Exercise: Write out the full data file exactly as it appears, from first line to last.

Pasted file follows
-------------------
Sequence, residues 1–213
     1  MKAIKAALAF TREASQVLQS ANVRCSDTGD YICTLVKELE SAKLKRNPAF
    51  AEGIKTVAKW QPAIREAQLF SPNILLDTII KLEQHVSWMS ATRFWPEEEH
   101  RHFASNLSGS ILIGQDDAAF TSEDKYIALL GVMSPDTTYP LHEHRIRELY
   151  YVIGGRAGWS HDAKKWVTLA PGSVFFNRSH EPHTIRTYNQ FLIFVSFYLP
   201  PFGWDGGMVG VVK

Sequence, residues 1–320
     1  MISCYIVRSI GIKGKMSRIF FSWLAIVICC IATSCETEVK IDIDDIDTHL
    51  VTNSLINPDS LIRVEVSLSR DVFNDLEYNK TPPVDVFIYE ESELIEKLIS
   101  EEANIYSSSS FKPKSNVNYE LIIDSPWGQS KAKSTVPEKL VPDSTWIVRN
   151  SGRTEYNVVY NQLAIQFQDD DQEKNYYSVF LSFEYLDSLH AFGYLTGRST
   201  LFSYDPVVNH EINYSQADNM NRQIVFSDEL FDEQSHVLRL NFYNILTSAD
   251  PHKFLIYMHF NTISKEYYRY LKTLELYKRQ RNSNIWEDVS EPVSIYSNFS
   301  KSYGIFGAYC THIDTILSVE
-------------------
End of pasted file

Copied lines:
Sequence, residues 1–213
     1  MKAIKAALAF TREASQVLQS ANVRCSDTGD YICTLVKELE SAKLKRNPAF
    51  AEGIKTVAKW QPAIREAQLF SPNILLDTII KLEQHVSWMS ATRFWPEEEH
   101  RHFASNLSGS ILIGQDDAAF TSEDKYIALL GVMSPDTTYP LHEHRIRELY
   151  YVIGGRAGWS HDAKKWVTLA PGSVFFNRSH EPHTIRTYNQ FLIFVSFYLP
   201  PFGWDGGMVG VVK

Sequence, residues 1–320
     1  MISCYIVRSI GIKGKMSRIF FSWLAIVICC IATSCETEVK IDIDDIDTHL
    51  VTNSLINPDS LIRVEVSLSR DVFNDLEYNK TPPVDVFIYE ESELIEKLIS
   101  EEANIYSSSS FKPKSNVNYE LIIDSPWGQS KAKSTVPEKL VPDSTWIVRN
   151  SGRTEYNVVY NQLAIQFQDD DQEKNYYSVF LSFEYLDSLH AFGYLTGRST
   201  LFSYDPVVNH EINYSQADNM NRQIVFSDEL FDEQSHVLRL NFYNILTSAD
   251  PHKFLIYMHF NTISKEYYRY LKTLELYKRQ RNSNIWEDVS EPVSIYSNFS
   301  KSYGIFGAYC THIDTILSVE